WikiChip is usually good at this technical data, but again, it doesn't matter. There should be limited differences in performance between 3.0 x4 and 3.0 x16 on an RX 580. That there is extremely poor performance means that something else is the matter.

The AMD software is easily the best way to do this. If the proper Radeon drivers aren't installed, this is all very premature.
 

BogdanH

Upstanding
Sep 21, 2020
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You're making things confusing. On first post you show PRIME A320M-A motherboard, then you say yours is A320M-H (which I couldn't find on Asus website). For A320M-A, Asus says:
AMD Athlon™ with Radeon™ Vega Graphics Processors
1 x PCIe 3.0/2.0 x16 (max at x4 mode)
-means: no matter what Athlon you have, it will only be PCIe x4 on this motherboard.

PCIe x4 is (obviously) 4-times slower than PCIe x16 and that does have impact on communication between CPU and graphic card.
Solution: you either change CPU or motherboard.. or use internal GPU.
 
Jan 4, 2021
56
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WikiChip is usually good at this technical data, but again, it doesn't matter. There should be limited differences in performance between 3.0 x4 and 3.0 x16 on an RX 580. That there is extremely poor performance means that something else is the matter.

The AMD software is easily the best way to do this. If the proper Radeon drivers aren't installed, this is all very premature.
Okay so should I get him to install new drivers on the AMD software?
 
Jan 4, 2021
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You're making things confusing. On first post you show PRIME A320M-A motherboard, then you say yours is A320M-H (which I couldn't find on Asus website). For A320M-A, Asus says:
AMD Athlon™ with Radeon™ Vega Graphics Processors
1 x PCIe 3.0/2.0 x16 (max at x4 mode)
-means: no matter what Athlon you have, it will only be PCIe x4 on this motherboard.

PCIe x4 is (obviously) 4-times slower than PCIe x16 and that does have impact on communication between CPU and graphic card.
Solution: you either change CPU or motherboard.. or use internal GPU.
Yeah he has the integrated graphics you mentioned. If he upgrades his CPU will he get around 100 FPS since he currently gets 10.
 
I wasn't able to get him to run a stress test as we're communicating via Discord screen share and everything is quite difficult. I'm waiting to go to his during these school holidays to manually see what's up myself.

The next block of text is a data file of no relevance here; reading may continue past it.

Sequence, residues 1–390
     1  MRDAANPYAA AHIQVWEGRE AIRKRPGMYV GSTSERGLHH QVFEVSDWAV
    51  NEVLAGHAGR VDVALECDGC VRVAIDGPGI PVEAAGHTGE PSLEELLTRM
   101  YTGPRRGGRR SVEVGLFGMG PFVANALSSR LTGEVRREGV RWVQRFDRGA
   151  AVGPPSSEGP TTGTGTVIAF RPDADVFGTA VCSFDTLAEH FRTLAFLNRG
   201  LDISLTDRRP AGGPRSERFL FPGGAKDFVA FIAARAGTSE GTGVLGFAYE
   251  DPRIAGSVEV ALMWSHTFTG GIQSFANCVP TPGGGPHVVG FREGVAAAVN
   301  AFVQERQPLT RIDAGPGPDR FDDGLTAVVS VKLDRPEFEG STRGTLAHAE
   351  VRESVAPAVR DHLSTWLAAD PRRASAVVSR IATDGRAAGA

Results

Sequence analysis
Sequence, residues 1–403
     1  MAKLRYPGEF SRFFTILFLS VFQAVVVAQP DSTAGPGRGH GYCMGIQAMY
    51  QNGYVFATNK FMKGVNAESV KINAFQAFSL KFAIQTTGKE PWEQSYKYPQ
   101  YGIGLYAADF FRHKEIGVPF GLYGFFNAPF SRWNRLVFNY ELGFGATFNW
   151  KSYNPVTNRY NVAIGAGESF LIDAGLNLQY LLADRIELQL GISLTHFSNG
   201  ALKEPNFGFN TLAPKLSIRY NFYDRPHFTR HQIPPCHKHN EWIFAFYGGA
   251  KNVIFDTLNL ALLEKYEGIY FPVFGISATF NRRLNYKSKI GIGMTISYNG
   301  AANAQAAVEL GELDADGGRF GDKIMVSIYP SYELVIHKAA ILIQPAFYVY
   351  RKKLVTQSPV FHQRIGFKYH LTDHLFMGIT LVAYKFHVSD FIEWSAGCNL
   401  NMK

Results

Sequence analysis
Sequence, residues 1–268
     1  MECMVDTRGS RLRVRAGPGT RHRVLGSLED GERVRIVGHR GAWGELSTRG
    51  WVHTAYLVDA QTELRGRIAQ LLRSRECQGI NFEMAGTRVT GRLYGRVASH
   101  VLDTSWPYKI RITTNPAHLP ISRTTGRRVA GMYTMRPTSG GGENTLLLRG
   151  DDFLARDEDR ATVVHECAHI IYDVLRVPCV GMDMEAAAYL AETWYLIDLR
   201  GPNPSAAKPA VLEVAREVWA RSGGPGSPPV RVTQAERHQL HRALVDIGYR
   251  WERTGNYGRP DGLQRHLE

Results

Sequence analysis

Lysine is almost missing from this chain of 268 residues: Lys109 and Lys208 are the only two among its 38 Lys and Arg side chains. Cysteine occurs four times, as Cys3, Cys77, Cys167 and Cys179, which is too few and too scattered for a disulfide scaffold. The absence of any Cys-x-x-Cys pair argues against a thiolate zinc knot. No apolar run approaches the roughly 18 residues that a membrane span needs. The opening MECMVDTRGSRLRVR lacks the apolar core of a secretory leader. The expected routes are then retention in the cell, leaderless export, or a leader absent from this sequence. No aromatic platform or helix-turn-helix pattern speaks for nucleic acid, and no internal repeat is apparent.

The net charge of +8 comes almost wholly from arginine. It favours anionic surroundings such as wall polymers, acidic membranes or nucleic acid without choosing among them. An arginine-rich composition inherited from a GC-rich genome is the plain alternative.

Just have him click the question mark - the "?"- on the GPU screen that's right beside the "...x4 1.1". That opens a little 3d image that will mildly stress the GPU.

The reason to do that is many times GPU's will put themselves in a low-power state, with lowered bandwidth, when it's not needed for rendering 3d scenes, for instance.
 
Reactions: CountMike
Jan 4, 2021
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Just have him click the question mark - the "?"- on the GPU screen that's right beside the "...x4 1.1". That opens a little 3d image that will mildly stress the GPU.

The reason to do that is many times GPU's will put themselves in a low-power state, with lowered bandwidth, when it's not needed for rendering 3d scenes, for instance.
Ohhhh, also does it take a certain amount of time to finish (like a render) or can you leave it running for however long you like.
 
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You can dismiss it whenever you want. It's not a stress test or benchmark...it's just meant to wake up the GPU fully so it uses the bandwidth of the PCIe bus to it's capabilities.
Oh my god, I just found out why he was having an issue. Turns out his HDMI cord wasn't plugged into his GPU slot. It was in the motherboard and so because the motherboard runs off of integrated graphics it decided to use that one. I told him to swap it over and boom, his FPS has substantially increased. Obviously we can work on it's performance by upgrading the CPU for the PCIe to transform to x16 but for now, it's all he needs! Thanks for all the help anyways!